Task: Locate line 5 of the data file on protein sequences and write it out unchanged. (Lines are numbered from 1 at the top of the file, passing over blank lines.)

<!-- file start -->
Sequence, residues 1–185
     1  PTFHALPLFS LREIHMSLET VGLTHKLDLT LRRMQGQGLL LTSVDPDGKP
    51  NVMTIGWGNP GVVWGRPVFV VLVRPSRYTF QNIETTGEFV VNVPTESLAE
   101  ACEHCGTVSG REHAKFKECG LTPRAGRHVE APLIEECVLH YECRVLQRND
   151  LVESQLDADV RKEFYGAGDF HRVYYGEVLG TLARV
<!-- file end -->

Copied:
   151  LVESQLDADV RKEFYGAGDF HRVYYGEVLG TLARV